Atlantic Council Strategy Paper Series December 16, 2020

The China opportunity

By Jeffrey Cimmino and Matthew Kroenig

Despite serious conflicts of interest, there are several areas in which cooperation with China can help to advance likeminded allies and partners’ interests.

There are many areas of productive economic relations. China’s purchases of US Treasury bonds have financed the US debt and deficit and held down interest rates in the United States and the global economy. China’s response to the 2008 financial crisis, in coordination with the United States, helped to mitigate the severity of the economic downturn. China’s low-cost manufacturing has made it the workshop of the world for many products, ranging from children’s toys to iPhones. China is also a large export market for likeminded allies and partners in many sectors, including agriculture, minerals, construction equipment, and wide-body aircraft. China’s cooperation might also be needed to maintain the stability of the global financial system in the wake of the COVID-19 crisis and resulting economic shocks.

Likeminded allies and partners can also cooperate with China on environmental issues. As China is the world’s largest emitter of greenhouse gases, any meaningful action to mitigate the impact of climate change will require action from Beijing. China is making major investments and has become a leader in green technologies, which can contribute to global efforts to counter rising temperatures. In 2020, Xi Jinping announced that China would adopt the goal of net-zero emissions by 2050. In addition, the United States Environmental Protection Agency (EPA) already has a significant partnership with China’s Ministry of Ecology and the Environment (MEE) to address issues of air quality, water pollution, soil remediation, and more.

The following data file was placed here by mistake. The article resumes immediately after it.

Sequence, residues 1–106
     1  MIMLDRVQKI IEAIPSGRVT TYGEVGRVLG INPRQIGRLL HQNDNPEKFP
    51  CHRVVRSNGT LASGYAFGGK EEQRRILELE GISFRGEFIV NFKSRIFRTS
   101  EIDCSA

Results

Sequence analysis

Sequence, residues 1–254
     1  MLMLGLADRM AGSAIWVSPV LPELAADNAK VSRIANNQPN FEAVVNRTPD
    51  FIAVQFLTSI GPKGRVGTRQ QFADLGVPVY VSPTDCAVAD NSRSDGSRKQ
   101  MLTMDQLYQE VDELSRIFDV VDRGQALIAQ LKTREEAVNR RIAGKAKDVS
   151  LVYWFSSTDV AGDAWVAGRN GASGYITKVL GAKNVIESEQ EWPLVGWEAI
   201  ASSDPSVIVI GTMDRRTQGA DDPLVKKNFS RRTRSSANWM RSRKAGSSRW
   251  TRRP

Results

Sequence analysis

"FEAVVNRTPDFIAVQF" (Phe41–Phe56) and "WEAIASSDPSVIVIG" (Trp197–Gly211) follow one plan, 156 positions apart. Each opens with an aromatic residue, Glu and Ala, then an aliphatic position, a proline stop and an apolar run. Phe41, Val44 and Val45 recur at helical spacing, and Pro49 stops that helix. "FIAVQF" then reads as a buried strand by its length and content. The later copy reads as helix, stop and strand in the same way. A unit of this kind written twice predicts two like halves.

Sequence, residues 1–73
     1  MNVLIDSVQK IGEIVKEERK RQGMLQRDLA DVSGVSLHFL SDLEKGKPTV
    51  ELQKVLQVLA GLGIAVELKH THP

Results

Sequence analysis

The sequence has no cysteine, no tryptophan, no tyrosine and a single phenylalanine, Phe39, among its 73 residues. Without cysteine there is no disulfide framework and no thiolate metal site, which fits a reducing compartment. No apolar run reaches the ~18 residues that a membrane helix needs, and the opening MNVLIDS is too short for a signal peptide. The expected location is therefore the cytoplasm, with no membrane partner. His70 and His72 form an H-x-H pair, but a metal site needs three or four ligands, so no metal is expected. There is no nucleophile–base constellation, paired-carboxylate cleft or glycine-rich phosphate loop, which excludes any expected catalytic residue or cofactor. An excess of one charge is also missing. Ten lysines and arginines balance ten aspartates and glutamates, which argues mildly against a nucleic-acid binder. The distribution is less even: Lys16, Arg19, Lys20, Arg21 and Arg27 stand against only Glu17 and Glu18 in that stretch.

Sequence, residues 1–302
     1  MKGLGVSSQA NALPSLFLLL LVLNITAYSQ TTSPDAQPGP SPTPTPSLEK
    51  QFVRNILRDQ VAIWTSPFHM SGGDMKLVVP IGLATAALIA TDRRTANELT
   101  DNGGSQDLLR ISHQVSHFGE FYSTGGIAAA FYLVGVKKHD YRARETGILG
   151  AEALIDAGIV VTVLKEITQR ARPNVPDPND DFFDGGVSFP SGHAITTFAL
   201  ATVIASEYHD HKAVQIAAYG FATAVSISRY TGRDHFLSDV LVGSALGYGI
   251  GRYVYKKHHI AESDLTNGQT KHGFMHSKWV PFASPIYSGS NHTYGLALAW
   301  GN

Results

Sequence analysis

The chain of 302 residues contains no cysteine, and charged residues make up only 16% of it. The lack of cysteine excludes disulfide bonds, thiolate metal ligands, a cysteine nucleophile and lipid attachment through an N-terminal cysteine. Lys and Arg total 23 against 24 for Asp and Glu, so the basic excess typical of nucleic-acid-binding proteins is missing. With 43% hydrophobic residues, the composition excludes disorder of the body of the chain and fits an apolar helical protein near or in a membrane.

European Council President Charles Michel and European Commission President Ursula von der Leyen attend a news conference following a virtual summit with Chinese President Xi Jinping in Brussels, Belgium June 22, 2020. REUTERS/Yves Herman/Pool

In the realm of security, China has greatly increased its financial and manpower support for United Nations peacekeeping operations and now ranks tenth globally in the number of peacekeeping forces. China has many motivations for providing peacekeeping troops; it uses them to gather intelligence, gain experience with overseas deployments, and secure countries where it has large investments. The CCP may also use peacekeeping to boost its global image and improve its relations with other countries.

The PRC has played a constructive role in nuclear nonproliferation. It supported multilateral sanctions against nuclear programs in Iran and North Korea, and participated in multilateral negotiations with both states. While China did not go as far as Washington might have liked in supporting and enforcing tough economic penalties, Beijing shares the West’s concern about nuclear programs in both countries, and has been willing to take steps to address the challenge.

Washington and other capitals have expressed an interest in including Beijing in future arms-control negotiations. The Trump administration explored the possibility of trilateral discussion with Beijing and Moscow on a follow-on agreement to the New Strategic Arms-Reduction Treaty (New START). China has not yet participated in binding arms-control agreements, but brining Beijing into the fold will be necessary for an effective 21st century arms control regime.

Likeminded allies and partners and China have cooperated on global public-health issues over the past two decades. In 2002, they worked together to help establish the Global Fund to Fight Aids, Tuberculosis, and Malaria. In 2014, in response to the Ebola epidemic, the United States provided hundreds of millions of dollars in aid and thousands of personnel, while China sent supplies and medical workers to build hospitals and testing facilities to address the Ebola epidemic. US and Chinese personnel also worked together on the ground to distribute supplies and conduct research into the Ebola virus.

Cooperation between the United States and China has been lacking in the COVID-19 pandemic due, in part, to China’s lack of transparency in the early stages of the crisis and Washington’s threats to withdraw from the WHO. Still, improved cooperation with China on future global public-health challenges would be desirable.

China has also played a constructive role in global food security. Among other activities, it has provided agricultural-assistance programs to tens of countries in Africa.

Image: Chinese Vice President Xi Jinping (R) speaks next to U.S. Vice President Joe Biden during talks at a hotel in Beijing August 19, 2011. REUTERS/Ng Han Guan/Pool (CHINA - Tags: POLITICS)